• 1839 - Il Trenta Gennajo (30 January).[1]:Vol.II p.227 A 19-page essay in Italian written by Cumbo and published in Malta (by Francesco Cumbo) in response to the accusations of heresy leveled against him after publishing the tract Sul Giuramento (above). Cumbo had appeared before the Holy See in Rome on 30 January 1839, hence the title of the booklet. The meeting left Cumbo disappointed. So much so that he then decided to publish this short pamphlet, which eventually he had to issue various editions of it. The writing is a lengthy address to the Bishop of Malta, Francis Saverio Caruana, in which he explains the nature of the issue at hand (that is, on the pledge of Catholic civil servants in Protestant Malta) and describes, point by point, why he had declared it morally acceptable.
  • 1839 - Necessità delle Rivelazione per Guida dei Costumi (The Need of Revelation as a Guide to Behaviour).[1]:Vol.II p.149 A 20-page pamphlet in Italian (published by the Tipografia Cumbo, Malta) reproduces an address given in 1839 by Cumbo at the Gioventù Maltese delle Sacre Scienze (Maltese Youth of Sacred Sciences). Cumbo examines the relationship between reason and faith. He does this with the issue of civil servants' pledge (see Il Giuramento and Il Trenta Gennajo above) at the back of his mind.
  • 1839 - Breve Cenno Sulle Lezioni Scritturali (A Brief Note on Lectures of Scripture).[1]:Vol.II p.161 Published in Malta (Tipografia Cumbo), this 16-page pamphlet in Italian is a discussion on some aspects of the lectures given at the University of Malta on the Bible. With his typical passion and analysis, Cumbo makes a philosophical discussion on the relationship of reason to faith.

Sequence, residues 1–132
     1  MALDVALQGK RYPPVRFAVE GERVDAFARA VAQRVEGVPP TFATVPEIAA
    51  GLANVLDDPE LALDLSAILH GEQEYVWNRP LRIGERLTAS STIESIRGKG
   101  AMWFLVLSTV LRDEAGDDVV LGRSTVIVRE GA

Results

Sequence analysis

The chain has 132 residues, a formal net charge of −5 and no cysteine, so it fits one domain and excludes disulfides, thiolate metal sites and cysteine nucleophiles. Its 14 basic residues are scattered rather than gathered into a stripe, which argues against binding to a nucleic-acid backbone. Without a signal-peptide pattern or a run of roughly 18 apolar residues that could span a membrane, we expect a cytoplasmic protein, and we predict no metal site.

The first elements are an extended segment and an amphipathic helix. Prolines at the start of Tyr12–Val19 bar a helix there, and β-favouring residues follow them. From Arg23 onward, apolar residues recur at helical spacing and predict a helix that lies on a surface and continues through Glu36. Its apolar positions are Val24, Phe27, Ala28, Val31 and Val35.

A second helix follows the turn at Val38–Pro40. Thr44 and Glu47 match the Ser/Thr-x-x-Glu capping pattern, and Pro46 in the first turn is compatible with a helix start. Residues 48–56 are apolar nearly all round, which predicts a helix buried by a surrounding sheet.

• 1844 - Influenze del Cristianesimo sul Progresso delle Scienze (Influences of Christianity on the Progress of the Sciences).[1]:Vol.I p.100 A 36-page book in Italian published in Malta (Tipografia di Francesco Cumbo) and dedicated to Cardinal Charles Januarius Acton. It reproduces an address given by Cumbo on 1 October 1844, in Valletta at the official opening of the academic year 1844-45 of the University of Malta. The work is divided into an introduction and another eleven main parts. Cumbo concentrates on the literary wealth of humanity, and philosophically discusses our relation to it and our appraisal of it.
  • 1874 - De Laudibus Sancti Thomæ (In Praise of Saint Thomas Aquinas).[1]:Vol.II p.219 This 6-page leaflet in Italian published in Malta reproduces an address given by Cumbo at the Dominican priory at Valletta. The initiative to publish the address was taken by Cumbo's students (called 'discipulorum', disciples). The work is a rhetorical speech on Thomas Aquinas. Though containing some philosophical interest, the address is mainly oratorical.
  • 1872 - Elogio Funebre al Dr. Giorgio Caruana (Funeral Oration for Dr. George Caruana).[1]:Vol.I p.70 The oration contained in this 21-page pamphlet in Italian (published at the Tipografia Strada San Domenico No. 75, Valletta), was delivered in May 1872 at the funeral of George Caruana. It is the work of a philosopher paying homage to another philosopher. Considering the occasion, no substantial philosophical material is to be found in this oration. Nevertheless, Cumbo does not deal superficially with the themes of life and death which he addresses.


  1. ^ a b c d e f g h i Montebello, Mark (2001). Il-Ktieb tal-Filosofija f'Malta (A Source Book of Philosophy in Malta). Malta: PIN Publications.